1 of 2 people found the following review helpful
Brisk historic narrative; not so much of the inner life,
This review is from: Wilkie Collins: A Life of Sensation (Hardcover)
Wilkie Collins wrote some of the best 'sensation' novels of the Victorian period, chief among them 'The Woman in White', 'Armadale', and 'No Name', all from his middle period. He is also credited with putting the detective novel on the literary map, notably with 'The Moonstone'. Besides these, there were many other novels, novellas, short stories and plays, as well as a lot of journalism. The best of them are still compulsively readable, not least because they deal with mysteries, secrets, elaborate deceptions, betrayals, obscured identities, dysfunctional families, lost or life-changing wills, adultery, in novels that pit evil characters (such as Count Fosco) against the pure (usually a young and virginal heiress). Influenced by earlier Gothic novels (eg Mrs Radcliffe's), and mentored by Dickens, it is a world Collins made very much his own.
One cannot help but wonder, then: did he live such a sensational life himself or move in circles that brought him in contact with it? Or did he merely have a fertile imagination and an acute sense of what the Victorian reading public was hungry for?
The dustwrapper talks of a "life of sensation" and "a truly sensational story". What does this refer to? Much has been made elsewhere of his two households, his two mistresses (and their children), his unexplained refusal to marry either of them or anyone else, and of the lifelong secrecy this required in an unforgiving society. Scandal was at the heart of his life, then; expectations are high. But in fact Lycett gives us a workmanlike, unrevealing account of this aspect of his life, avoiding anything that might sound sensational. He presents it only from Collins's point of view too. As Collins's life had little else in it one might call scandalous (perhaps the occasional visit to a brothel?), especially by today's standards, it can hardly be called 'a life of sensation' then. In fact, it was more a life of gout and rheumatism, of managing a painful and inconvenient illness with the use of laudanum and opiates, a life at the writer's desk or on tour, the ordinary life of a Victorian writer.
We learn a lot about the social aspects of the time in which he was writing, about the economics of the publishing industry, about the publication of the novels and their reception, about what happened when and with whom: Lycett is chiefly concerned to set the historical record straight and he does this admirably. It's the chief strength of the book and will alone will satisfy many of its readers.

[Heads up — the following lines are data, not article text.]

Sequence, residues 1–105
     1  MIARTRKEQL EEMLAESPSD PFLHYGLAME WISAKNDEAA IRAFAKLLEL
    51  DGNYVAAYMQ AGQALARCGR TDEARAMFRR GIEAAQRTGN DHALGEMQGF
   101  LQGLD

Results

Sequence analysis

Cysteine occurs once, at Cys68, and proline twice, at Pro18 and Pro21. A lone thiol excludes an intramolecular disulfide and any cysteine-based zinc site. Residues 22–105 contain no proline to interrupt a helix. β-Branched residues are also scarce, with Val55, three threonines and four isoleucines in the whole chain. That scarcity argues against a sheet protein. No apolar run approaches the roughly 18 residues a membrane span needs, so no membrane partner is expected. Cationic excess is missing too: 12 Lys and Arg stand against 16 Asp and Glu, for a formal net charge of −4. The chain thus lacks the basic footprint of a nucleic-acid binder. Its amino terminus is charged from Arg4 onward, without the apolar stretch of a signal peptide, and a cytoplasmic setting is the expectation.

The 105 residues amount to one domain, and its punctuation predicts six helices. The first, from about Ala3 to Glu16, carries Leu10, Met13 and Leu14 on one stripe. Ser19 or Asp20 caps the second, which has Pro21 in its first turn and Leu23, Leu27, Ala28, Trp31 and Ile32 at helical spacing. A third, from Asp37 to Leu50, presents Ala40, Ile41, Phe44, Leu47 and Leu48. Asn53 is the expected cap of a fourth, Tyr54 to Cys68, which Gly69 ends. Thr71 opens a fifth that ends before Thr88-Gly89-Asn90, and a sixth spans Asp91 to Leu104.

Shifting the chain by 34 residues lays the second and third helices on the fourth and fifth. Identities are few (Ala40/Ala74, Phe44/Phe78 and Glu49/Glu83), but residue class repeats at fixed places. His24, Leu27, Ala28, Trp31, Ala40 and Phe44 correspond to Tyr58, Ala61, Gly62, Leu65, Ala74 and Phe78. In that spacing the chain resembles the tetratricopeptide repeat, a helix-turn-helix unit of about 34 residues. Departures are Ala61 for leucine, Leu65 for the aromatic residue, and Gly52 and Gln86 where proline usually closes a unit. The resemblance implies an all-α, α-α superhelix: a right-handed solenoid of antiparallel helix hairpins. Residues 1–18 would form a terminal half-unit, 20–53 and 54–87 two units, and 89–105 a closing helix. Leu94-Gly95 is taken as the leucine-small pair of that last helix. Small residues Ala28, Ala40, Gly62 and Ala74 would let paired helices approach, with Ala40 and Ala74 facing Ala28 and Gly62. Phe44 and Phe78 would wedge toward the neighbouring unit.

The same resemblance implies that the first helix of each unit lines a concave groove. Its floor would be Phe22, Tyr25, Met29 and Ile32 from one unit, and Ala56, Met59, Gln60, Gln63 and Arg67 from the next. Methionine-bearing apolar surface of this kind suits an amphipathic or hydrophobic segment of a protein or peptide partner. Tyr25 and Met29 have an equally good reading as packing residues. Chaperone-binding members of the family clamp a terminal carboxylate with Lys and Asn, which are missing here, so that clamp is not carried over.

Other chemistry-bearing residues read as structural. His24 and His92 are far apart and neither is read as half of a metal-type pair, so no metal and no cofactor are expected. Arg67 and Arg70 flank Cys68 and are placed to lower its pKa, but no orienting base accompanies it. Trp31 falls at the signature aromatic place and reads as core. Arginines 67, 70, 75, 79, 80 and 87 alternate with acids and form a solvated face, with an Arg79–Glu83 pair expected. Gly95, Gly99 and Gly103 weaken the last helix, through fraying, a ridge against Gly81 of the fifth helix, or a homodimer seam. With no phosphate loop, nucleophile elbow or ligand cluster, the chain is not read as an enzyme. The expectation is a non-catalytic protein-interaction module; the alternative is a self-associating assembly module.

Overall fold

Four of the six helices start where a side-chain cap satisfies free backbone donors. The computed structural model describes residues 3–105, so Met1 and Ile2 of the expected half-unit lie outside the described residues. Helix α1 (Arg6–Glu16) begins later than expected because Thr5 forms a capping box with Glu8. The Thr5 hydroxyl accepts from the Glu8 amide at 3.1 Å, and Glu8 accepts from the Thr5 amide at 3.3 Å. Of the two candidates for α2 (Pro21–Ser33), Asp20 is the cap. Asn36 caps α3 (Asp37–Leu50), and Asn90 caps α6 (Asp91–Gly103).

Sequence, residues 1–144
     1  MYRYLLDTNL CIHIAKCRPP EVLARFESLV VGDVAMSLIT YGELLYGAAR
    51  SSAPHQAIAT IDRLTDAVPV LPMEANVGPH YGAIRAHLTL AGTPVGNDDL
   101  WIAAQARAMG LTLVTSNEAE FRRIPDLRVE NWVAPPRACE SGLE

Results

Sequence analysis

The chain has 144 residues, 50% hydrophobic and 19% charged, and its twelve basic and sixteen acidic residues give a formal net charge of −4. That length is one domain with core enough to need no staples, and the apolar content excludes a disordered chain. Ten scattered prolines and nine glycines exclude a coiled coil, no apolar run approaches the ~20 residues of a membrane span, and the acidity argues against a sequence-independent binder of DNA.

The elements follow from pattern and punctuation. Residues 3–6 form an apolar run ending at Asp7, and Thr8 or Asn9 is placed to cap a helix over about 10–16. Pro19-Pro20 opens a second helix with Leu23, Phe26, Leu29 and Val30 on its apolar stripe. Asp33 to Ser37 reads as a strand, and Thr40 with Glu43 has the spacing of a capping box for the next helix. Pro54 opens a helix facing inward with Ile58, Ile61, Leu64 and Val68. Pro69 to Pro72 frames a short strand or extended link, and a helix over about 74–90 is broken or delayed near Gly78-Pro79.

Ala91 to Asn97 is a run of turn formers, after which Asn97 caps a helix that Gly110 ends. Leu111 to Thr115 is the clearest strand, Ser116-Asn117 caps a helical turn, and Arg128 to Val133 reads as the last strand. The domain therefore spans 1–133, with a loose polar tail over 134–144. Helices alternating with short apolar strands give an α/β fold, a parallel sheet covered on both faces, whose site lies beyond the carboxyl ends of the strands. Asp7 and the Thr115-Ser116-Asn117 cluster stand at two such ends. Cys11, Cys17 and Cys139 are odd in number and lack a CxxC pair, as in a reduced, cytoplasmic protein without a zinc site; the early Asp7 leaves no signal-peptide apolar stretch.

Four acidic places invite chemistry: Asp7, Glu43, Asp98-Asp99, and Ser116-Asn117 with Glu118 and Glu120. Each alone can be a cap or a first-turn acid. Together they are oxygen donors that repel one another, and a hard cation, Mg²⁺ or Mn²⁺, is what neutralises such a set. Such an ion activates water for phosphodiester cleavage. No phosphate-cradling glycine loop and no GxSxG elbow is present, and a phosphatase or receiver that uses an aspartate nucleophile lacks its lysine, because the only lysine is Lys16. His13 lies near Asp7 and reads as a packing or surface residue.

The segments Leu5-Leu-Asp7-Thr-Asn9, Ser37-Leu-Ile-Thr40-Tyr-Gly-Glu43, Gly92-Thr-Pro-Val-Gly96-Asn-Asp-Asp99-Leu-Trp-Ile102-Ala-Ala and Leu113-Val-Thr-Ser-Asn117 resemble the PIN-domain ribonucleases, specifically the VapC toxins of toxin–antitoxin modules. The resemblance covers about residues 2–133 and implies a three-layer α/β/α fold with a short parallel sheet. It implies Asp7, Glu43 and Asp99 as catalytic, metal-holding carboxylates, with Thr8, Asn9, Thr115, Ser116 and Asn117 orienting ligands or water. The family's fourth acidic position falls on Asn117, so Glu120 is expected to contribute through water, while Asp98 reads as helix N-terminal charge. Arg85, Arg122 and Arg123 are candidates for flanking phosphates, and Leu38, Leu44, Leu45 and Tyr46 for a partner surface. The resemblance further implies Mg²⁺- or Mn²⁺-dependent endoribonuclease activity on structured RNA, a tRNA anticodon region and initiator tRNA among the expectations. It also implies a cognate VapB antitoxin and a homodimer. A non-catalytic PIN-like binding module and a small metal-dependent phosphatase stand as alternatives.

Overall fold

He is not, however, much interested in speculating about Collins's interior life. In the absence of diaries and letters (Dickens burnt most of Collins's letters) perhaps this is inevitable, yet there were many opportunities for Lycett to have ventured further. It would have been interesting, for instance, to hear the voices of the two mistresses and of Caroline's daughter who became Collins's amanuensis: what were their perspectives on him and the domestic arrangements? How did he really feel about them? What did he feel when Caroline left him for a younger man? Again, how close were his bonds with his male friends? And what did he really feel about Dickens? Again, did his preference for fiction based on deception have any deep roots in his own experience? If not, what was the lifelong attraction to it? These are just a few of the questions that occurred to me as I read. In this book we do not hear much of Collins's inner voice, we don't get under his skin. At the personal level he remains obscure to me.
I was hoping, then, that the author might have been more wide-ranging, speculative and bolder. He might have drawn more on the disciplines of psychology, gender perspectives, literary studies. I was informed of the historic facts in a brisk, clear, straight-forward narrative, but I wasn't gripped. It is expertly done and very well researched, but so much is merely touched upon and little probed in any depth. But perhaps I'm demanding too much of biographers who are writing about figures from two centuries back, figures who did not leave a trail of personal confessions, who believed as much in privacy as Collins did. Perhaps I'm asking for a different kind of biography. As it is, within its self-imposed limits, this is a very good one.